Roulette – would you bet red?!

Casino_Monte-Carloroulette red

 

 

Picture the scene.

You’re in Monaco, in Monte Carlo’s casino, you’re filthy rich (yet you have a hygiene problem?). The inside of the casino is going crazy, there’s never been a day like it before, or since.
You push through hordes of expensive people, dressed up gents and dames to see what the fuss is all about. People clamour next to a majestic roulette wheel, stacks of chips cover the table.

‘It has been black for the last 25 spins’

What do you do?

On August 18, 1913, at the casino in Monte Carlo this exact scenario happened. Gamblers had bet vast sums of money on red everytime that the run of blacks increased. They thought that with every spin, the laws of probability meant they would get paid off handosmely. People lost small fortunes, and the casino made the biggest one night haul ever by a gambling establishment (if I am not mistaken).

To answer the question – is your entire life savings on it being red? Ok, just a note?

Either way you would have just lost. Black appeared for a 26th time. Impossible? Rigged?

No. It’s the gamblers fallacy. You think you have a 50:50 chance in normal terms (but european roulette wheels also have a 0 and soemtimes a 00 to give the house the edge). Even if it was only red or black at 50:50, that means EVERY SPIN has a 50% chance of being one or the other. So despite the phenomenal and salient run of black, the chance of red being next was never more than 50% which is why so many people lost millions of francs on that fateful night.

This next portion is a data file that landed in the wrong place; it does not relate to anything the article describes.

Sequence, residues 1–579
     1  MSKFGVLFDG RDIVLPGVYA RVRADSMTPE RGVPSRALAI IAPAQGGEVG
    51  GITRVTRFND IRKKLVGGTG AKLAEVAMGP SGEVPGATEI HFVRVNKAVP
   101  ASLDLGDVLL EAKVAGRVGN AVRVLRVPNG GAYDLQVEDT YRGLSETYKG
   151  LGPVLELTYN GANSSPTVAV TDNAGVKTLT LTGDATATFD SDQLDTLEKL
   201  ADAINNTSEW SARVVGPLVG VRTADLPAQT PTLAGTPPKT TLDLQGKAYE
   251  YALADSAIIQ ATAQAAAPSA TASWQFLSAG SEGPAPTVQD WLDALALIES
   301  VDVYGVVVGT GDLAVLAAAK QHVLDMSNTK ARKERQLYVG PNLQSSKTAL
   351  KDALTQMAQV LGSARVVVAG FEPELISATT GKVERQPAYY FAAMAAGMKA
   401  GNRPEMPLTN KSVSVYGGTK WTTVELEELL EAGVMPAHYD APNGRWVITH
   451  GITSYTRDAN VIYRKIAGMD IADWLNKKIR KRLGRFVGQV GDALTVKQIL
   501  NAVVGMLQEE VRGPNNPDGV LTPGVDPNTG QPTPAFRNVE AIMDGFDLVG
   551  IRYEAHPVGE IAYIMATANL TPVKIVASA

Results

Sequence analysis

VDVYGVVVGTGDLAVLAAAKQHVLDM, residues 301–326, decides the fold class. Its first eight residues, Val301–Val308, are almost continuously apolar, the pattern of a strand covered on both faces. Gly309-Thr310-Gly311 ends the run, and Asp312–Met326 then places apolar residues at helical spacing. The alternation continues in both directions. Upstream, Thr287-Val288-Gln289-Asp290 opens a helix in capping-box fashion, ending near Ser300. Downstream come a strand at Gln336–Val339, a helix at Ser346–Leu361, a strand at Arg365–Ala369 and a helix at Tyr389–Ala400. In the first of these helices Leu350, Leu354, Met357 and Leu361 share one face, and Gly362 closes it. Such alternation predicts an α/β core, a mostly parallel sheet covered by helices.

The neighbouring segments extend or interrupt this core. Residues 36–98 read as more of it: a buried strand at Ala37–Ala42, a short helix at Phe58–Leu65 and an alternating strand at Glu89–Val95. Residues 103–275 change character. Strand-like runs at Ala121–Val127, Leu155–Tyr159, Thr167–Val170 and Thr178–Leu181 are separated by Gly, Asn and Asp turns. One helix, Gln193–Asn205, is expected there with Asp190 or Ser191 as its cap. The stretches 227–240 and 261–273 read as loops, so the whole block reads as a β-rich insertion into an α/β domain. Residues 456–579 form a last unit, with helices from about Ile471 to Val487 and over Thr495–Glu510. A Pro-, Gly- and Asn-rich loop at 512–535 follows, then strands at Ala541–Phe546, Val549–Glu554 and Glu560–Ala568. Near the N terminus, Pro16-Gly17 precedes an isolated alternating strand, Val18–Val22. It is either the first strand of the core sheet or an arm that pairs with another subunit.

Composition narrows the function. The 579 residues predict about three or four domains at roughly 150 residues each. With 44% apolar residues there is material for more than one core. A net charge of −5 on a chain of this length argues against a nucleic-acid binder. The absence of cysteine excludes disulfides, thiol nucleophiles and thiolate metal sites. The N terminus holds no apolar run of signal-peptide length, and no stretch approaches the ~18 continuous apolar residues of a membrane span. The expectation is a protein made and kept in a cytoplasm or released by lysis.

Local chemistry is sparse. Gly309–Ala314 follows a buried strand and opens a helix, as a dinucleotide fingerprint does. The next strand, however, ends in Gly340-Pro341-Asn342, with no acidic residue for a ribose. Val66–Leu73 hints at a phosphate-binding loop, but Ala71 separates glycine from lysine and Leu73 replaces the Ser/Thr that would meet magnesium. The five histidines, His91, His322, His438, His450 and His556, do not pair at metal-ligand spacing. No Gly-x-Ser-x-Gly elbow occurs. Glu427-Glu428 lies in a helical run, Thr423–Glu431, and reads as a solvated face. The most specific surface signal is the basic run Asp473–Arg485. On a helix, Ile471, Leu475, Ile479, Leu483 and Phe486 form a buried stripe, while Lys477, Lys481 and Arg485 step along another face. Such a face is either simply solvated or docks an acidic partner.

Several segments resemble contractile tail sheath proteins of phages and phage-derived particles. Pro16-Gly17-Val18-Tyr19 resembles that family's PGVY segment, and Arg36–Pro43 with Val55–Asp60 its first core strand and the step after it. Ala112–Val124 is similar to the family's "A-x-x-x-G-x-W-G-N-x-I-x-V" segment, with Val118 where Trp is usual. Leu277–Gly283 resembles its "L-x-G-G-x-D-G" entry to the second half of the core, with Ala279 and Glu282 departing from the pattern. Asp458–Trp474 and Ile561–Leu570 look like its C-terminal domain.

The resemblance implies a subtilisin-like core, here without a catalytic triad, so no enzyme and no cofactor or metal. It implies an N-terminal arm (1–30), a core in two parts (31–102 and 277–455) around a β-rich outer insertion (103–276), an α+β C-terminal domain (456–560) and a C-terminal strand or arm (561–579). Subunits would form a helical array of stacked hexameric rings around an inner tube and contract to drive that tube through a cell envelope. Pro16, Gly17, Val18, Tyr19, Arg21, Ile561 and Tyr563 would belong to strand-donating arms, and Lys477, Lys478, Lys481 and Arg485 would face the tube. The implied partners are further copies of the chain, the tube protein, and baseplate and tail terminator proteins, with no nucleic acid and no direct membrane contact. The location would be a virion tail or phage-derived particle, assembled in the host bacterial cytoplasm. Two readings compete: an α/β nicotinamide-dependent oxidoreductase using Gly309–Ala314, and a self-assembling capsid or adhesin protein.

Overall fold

We use a representative heuristic (rule of thumb, mental shortcut) of probabilities as a guide to future events. The human mind sees a pattern like 25 black and thinks, red is due. And for that we lose our money!

3 Comments

  1. I observed a gambler once in a club my wife and I went to, which made money out of a couple of pokeys in the bar. He kept on feeding them with cash and sometimes got a little back. For him one problem arose when he ran out of coins and had to wait at the bar to get more. He was scared that someone would move in on his machine and clean up his money. One night, when he had been feeding it a long time and got nothing back, he was sure it was just a matter of time. He couldn’t leave the machine, it was just about to pay out, and he solved his other problem by relieving himself where he stood, which didn’t make him too popular.

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